I have to agree. Say what one will about Stalin, but he did save Russia from losing its European part. Ultimately, it all comes down to which system is better for a country. Stalinism was undoubtedly the best for the wellbeing of Russians, and Ustryalov was right when he said: "Fascism is far better implemented in the Soviet Union than in Italy or Germany since the State also completely covers the economy," or something like that.

The Russian Fascist Party would never have industrialized Russia like Stalin did; their program actually called for large privatizations (of healthcare and other things, don't remember much since I read it a long time ago), much like the Italian model, which I don't understand since I don't think Russia had a free market-happy conservative class to pressure the fascists into heeding their capitalism (correct me if I'm wrong, Potemkin).
#13959729
The Russian Fascist Party would never have industrialized Russia like Stalin did; their program actually called for large privatizations (of healthcare and other things, don't remember much since I read it a long time ago), much like the Italian model, which I don't understand since I don't think Russia had a free market-happy conservative class to pressure the fascists into heeding their capitalism (correct me if I'm wrong, Potemkin).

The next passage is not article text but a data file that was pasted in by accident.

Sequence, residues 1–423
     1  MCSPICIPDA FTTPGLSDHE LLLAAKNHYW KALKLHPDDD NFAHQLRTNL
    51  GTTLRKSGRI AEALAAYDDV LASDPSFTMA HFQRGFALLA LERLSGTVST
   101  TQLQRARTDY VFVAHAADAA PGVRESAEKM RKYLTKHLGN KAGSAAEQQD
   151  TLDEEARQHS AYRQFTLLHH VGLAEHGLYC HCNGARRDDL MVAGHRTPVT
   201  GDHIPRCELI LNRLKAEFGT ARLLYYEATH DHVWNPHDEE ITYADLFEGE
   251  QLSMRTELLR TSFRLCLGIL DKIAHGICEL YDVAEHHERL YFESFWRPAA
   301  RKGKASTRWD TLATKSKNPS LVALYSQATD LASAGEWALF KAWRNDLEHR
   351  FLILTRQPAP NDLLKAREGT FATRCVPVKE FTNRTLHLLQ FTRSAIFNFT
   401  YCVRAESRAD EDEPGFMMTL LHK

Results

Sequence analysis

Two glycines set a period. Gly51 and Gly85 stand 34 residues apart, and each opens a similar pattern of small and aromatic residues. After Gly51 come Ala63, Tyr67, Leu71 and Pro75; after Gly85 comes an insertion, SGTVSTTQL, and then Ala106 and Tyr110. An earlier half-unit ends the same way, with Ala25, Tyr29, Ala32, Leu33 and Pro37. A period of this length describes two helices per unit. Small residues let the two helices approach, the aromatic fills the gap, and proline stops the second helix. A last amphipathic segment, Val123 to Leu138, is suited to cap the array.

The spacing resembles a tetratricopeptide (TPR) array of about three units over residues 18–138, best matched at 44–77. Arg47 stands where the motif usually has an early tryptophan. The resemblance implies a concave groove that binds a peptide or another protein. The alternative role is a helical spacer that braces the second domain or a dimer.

No, I think you're right. In fact, one of the reasons for the success of the Bolshevik Revolution (or coup d'etat, if you prefer) was that Russia had failed to create a numerically or politically significant middle-class, due to the dead hand of the autocracy. What few middle-class professionals or entrepreneurs who existed were systematically excluded from having any political power or from playing any significant role in civil society. This meant that, whereas in the developed West the middle-class were respectable pillars of society who had political authority and had visibly helped to build up their societies' infrastructure and its civil institutions, in Russia they were merely 'moneybags', brutal and vulgar exploiters of the working class. People had no respect for them. This meant that when the autocracy fell in February 1917, there was a power vacuum which the numerically tiny middle-class was completely unable to fill. The Bolsheviks saw their chance, mobilised the working class, and seized power. As Lenin put it, "We found power lying on the streets, and simply picked it up." This weakness of the capitalist middle-class also meant that the Russian fascists were weak and, quite frankly, rather pointless. Who did they represent, aside from a few decadent aristocrats or expropriated merchants? Their support of a privatisation programme, in the absence of a middle-class which could push for that programme or even make use of it once it appeared, is very telling. The Bolsheviks successfully adapted their policies to the peculiar circumstances of Russia in the early 20th century, whereas the Russian fascists completely failed to do so. As Trotsky put it, their proper place was in the rubbish-bin of history.